I Realize …

Jose Vilson Jose 4 Comments

Led ZeppelinI saw this on MySpace as a meme of some sort and I stole it. For my MySpace friends who’ve read my last “I Realize,” don’t worry: it’s brand new.

I realize, for instance, that cursing in the blogosphere is not chic, but fuck it. I didn’t make the curses, but I’ll use them.

I realize that every relationship has its waves, and whether you can hang 10 or belly flop depends a lot on work and luck.

I realize that every man is beholden always and forever to two women. Always.

But after what’s been up with me lately, I realize I can’t post on that just yet.

I realize how having too many middle men / women can make a school’s working conditions dubious and treacherous. That I can definitely go into.

I realize that not everyone on my blogroll agrees with my views on the issues I discuss on this blog, but fuck that, too. We can at least commune at the same table and share ideas about what we see fit.

I realize my circle of friends is tight knit, but I most certainly allocate different parts of myself to different people, but never all to one person. It isn’t a bad thing, but that’s just I’m built. I’m too strange to give all that responsibility to one person.

I realize just how horrendous some of the music I used to listen to is now. I just ripped the Godzilla Soundtrack onto my computer, and found that “Come With Me” (by P. Diddy, a remake of Led Zepellin’s “Kashmir”) stunk. I had a hard time digesting Diddy’s lines without clutching my stomach and throat. Once I got home, I told it to get off my iPod and go in the corner. I then invited “Kashmir” and “Stairway to Heaven” (Remastered) over to my humble musical cornucopia.

I realize the importance of keeping your balance and staying even. Today, a similar situation happened where a child, who I’ve been slowly chipping away at, became a nuisance, cursing cats out and letting the n-word off like a rifle. At first, I tried the hard disciplinarian approach, but I just got increasingly calmer because I was that confident in my stance. He needed to copy his notes and then when he was ready, I would address his concerns. Of course, he did neither, so by the last few moments of the class, I said, “Ah, I see what you’re about. I’m with you, man. I’m with you.” and gave him a little smile. He then slammed his book harder, and I just kept teaching. He got frustrated enough to just calm down and go about his business. He’ll get it soon enough.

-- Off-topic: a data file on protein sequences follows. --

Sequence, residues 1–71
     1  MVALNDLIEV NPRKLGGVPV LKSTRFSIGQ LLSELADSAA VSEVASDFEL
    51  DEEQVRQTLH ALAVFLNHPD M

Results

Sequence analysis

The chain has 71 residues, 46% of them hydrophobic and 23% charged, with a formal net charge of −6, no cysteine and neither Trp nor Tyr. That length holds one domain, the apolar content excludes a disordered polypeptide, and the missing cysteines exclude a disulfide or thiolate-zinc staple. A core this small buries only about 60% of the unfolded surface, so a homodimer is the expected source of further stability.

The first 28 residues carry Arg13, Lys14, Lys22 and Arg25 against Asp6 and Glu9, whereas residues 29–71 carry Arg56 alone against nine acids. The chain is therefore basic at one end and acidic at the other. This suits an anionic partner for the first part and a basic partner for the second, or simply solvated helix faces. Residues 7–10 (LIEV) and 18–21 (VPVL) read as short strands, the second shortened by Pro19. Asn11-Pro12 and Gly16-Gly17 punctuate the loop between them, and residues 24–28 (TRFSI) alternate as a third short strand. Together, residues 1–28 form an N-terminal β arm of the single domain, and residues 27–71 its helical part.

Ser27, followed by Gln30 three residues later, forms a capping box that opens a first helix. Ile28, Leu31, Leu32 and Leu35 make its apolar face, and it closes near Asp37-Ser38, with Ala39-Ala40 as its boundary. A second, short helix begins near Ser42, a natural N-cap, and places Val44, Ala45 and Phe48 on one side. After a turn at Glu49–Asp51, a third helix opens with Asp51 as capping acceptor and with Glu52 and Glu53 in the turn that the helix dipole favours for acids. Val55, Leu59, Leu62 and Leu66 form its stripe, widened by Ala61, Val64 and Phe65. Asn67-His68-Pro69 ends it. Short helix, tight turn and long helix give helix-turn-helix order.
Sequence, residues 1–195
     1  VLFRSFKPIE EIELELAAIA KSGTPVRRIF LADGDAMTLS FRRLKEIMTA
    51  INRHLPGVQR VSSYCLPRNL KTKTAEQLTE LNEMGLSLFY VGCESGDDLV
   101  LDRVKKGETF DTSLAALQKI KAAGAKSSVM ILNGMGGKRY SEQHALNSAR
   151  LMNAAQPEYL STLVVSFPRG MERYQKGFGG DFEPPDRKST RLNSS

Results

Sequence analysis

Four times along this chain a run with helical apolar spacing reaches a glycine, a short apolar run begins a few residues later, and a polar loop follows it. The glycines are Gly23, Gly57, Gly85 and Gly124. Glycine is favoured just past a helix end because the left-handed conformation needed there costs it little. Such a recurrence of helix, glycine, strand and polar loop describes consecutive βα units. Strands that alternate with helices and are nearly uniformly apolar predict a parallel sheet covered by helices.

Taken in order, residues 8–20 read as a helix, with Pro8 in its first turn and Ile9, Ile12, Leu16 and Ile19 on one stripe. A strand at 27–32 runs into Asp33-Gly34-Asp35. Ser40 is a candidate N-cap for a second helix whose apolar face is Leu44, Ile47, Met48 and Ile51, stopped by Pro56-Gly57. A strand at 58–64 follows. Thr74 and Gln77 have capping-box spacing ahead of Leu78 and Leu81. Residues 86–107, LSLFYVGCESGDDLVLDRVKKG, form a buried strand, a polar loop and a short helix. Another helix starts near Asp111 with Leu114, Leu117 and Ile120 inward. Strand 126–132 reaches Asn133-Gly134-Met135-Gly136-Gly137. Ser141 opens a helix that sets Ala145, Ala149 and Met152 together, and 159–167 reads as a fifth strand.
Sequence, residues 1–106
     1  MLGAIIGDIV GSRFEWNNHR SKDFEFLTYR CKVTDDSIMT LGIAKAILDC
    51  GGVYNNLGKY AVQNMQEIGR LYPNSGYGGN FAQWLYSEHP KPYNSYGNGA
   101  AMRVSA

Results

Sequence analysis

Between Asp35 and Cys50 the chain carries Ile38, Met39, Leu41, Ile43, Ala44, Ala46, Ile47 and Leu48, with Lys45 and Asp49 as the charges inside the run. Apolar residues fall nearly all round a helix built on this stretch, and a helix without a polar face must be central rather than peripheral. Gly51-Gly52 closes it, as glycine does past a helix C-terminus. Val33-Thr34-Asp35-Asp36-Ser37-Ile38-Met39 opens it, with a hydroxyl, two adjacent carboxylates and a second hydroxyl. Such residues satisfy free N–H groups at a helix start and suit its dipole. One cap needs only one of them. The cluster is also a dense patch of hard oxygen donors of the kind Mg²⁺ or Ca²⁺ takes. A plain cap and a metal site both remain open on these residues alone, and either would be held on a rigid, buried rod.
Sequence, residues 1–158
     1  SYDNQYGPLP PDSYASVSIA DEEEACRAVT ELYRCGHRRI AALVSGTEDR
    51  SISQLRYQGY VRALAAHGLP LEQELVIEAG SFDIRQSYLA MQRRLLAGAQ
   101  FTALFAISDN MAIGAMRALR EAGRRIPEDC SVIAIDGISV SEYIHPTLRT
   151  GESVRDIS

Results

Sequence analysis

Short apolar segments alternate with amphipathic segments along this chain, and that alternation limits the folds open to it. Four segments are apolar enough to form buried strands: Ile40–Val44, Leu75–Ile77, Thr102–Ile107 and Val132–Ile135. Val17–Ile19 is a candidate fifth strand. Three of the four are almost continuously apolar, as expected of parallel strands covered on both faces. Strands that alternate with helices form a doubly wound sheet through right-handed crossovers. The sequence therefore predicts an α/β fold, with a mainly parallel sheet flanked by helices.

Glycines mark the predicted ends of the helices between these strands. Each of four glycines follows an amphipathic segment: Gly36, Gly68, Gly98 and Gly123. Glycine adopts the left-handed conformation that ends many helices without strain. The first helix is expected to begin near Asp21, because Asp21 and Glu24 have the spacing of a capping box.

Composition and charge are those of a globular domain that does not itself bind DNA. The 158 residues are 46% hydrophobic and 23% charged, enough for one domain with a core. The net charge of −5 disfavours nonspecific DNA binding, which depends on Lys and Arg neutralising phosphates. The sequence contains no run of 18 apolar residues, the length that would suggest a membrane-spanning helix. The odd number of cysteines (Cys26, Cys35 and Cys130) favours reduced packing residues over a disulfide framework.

I realize how important it is to come into school dressed appropriately. Children are extremely sensitive visually and olfactorily. They always remember whose breath stank back in the day and hence who always came like they didn’t have a job.

I realize how all the great computer philosophers were absolutely right: we’ve already started to see humans giving over some of the essences of what it means to be human over to robots. And for teachers who believe calculators should replace good fundamental mathematics and not supplement it, we have you to (partially) blame. HA! No, but seriously …

I realize how I could never go back to my previous blogging residence. As much as I loved the millions of comments, greater sense of community, and easier access to different blogs, I also got tired of seeing stories about miserable lives led by people who could switch it in a snap, pretentious writers who masturbate to their own shock writing, getting fellatio from women invested in the eldest profession, and force fed religious ideals.

I realize that having a teacher MySpace sounds like a bad idea, but fuck that thrice. As long as I write my activities, and keep my contacts logged, it’s all good.

I realize that, no matter how personal I get in my blog, there’ll never be a dearth of subjects I can discuss. As a teacher, I love writing about education, but I can do a little more than that.

I realize that, despite all the hardship, the Earth still rotates at a rather rapid pace …

jose, who’s looking up the face of the guy who played the neighbor in Home Improvement … 

p.s. – Shout-out to Hugh a.k.a. Repairman for supporting the work I spoke of yesterday. That humbles me to no end. Some of you, I’m sure, are waiting for the full-length feature.

About Jose Vilson

José Luis Vilson is a math educator, blogger, speaker, and activist. For more of my writing, buy my book This Is Not A Test: A New Narrative on Race, Class, and Education, on sale now.

Comments 4

  1. Corey

    what particularly struck me was how you mentioned how easily children remember the slightest details of the teachers they had, which led me to think about how important rolemodels are, especially around the age you teach. okay, here’s where i get kind of off topic, but since i’m on the subject of rolemodels and such. i remember being someone who idolized athletes, such as David Robinson and Derek Jeter, when i was younger (due to a lack of a male figure at home), i was deeply disappointed by the outcome of the Michael Vick trial, mostly because of the hundreds, maybe thousands, of kids he disappointed. in an age where the portrayal of pro athletes is in what seems to be in a constant state of flux (and mostly negative), what do you feel you can do as a male teacher/ rolemodel to make sure your students do not feel that, as minorities, failure is imminent?

  2. Shelly

    Grrrr! Such a great post and so many comments I want to make but so. little. time. Just wanted to let you know I’m hearing you! Big Up (as we say in LDN) ;-)

  3. Post

    Yeah, well I don’t know what to tell you, Corey. Honestly, I think everyone we’ve ever looked up to has a checkered past or a chink in their armor. It’s either that we decry them all or we love them even more for being as human as they were. I prefer the latter.

    And Shelly, feel free to comment as you please.

    Hugh, :: thumbs up:: …

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